On the J Street Controversy

Nathan Guttman puts the best spin possible on things:

(J Street President Jeremy) Ben-Ami took full responsibility for not revealing in public the fact that Soros has been providing funds to J Street. He issued a statement carrying this message as the press and right-wing blogs were already in a frenzy of criticism against the group, some predicting that the Soros affair would mark the beginning of J Street's demise, or at least the end of the Ben-Ami era.

But most observers now agree that neither scenario is likely to materialize.

"People see it as an aberration, not as a pattern," said Rabbi David Saperstein, director of the Religious Action Center of Reform Judaism, referring to Ben-Ami's post-Soros image in political circles. "Usually you get one free pass for things like this." Saperstein, who was also involved in initial talks that led to the creation of J Street, said he did not sense any concerns on Capitol Hill or in the administration about dealing with Ben-Ami or with J Street.

I don't know about "most observers," but most reporters -- not "right-wing" reporters, just reporters -- are waiting for Jeremy Ben-Ami to apologize for misleading them personally and repeatedly. Does he get a pass after that? Probably.  

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Jeffrey Goldberg is a national correspondent for The Atlantic and a recipient of the National Magazine Award for Reporting. He is the author of Prisoners: A Story of Friendship and Terror. More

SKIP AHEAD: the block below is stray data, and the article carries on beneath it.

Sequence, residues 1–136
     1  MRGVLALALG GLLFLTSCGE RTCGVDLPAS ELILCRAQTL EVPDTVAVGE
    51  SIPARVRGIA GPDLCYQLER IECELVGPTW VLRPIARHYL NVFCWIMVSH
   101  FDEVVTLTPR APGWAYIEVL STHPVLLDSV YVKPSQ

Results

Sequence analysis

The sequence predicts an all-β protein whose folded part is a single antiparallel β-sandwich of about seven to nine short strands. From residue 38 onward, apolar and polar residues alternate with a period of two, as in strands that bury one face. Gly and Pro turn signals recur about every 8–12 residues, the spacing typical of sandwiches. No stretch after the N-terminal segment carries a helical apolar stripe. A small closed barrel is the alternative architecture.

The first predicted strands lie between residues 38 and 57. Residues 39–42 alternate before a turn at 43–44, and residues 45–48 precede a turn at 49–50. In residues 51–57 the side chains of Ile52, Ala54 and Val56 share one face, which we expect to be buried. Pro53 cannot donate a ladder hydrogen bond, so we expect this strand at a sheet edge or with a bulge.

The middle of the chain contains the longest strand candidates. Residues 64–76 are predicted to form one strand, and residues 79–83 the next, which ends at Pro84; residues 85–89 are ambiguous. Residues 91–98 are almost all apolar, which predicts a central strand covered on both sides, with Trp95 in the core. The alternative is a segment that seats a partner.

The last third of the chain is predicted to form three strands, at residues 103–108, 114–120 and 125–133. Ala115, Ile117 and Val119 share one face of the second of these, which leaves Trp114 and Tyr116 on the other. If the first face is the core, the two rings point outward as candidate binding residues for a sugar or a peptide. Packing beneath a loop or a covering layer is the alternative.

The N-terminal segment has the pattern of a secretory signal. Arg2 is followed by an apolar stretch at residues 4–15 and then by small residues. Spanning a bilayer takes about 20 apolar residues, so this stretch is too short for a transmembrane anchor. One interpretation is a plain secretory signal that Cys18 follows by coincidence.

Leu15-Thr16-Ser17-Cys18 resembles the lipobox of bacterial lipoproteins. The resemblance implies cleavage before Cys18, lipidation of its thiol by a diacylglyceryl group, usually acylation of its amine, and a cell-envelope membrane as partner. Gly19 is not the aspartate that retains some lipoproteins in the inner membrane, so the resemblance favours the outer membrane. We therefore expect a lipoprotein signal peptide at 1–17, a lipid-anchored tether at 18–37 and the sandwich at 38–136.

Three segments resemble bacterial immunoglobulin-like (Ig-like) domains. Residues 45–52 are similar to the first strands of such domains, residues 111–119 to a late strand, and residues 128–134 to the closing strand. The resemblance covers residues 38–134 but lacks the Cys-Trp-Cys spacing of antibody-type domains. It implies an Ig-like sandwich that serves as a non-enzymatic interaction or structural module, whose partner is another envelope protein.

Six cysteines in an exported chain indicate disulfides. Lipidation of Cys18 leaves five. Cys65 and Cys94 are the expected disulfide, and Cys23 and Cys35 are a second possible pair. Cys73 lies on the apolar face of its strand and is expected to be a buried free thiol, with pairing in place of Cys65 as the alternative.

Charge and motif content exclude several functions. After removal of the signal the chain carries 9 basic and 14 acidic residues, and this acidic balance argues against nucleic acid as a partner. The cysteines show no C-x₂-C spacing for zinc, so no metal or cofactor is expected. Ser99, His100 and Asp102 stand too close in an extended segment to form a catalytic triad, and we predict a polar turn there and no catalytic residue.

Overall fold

Before joining The Atlantic in 2007, Goldberg was a Middle East correspondent, and the Washington correspondent, for The New Yorker. He was previouslly a correspondent for The New York Times Magazine and New York magazine. He has also written for the Jewish Daily Forward and was a columnist for The Jerusalem Post.

Goldberg's book Prisoners was hailed as one of the best books of 2006 by the Los Angeles Times, The New York Times, The Washington Post, Slate, The Progressive, Washingtonian magazine, and Playboy. He received the 2003 National Magazine Award for Reporting for his coverage of Islamic terrorism and the 2005 Anti-Defamation League Daniel Pearl Prize. He is also the winner of the International Consortium of Investigative Journalists prize for best international investigative journalist; the Overseas Press Club award for best human-rights reporting; and the Abraham Cahan Prize in Journalism.

In 2001, Goldberg was appointed the Syrkin Fellow in Letters of the Jerusalem Foundation, and in 2002 he became a public-policy scholar at the Woodrow Wilson International Center for Scholars in Washington, D.C.

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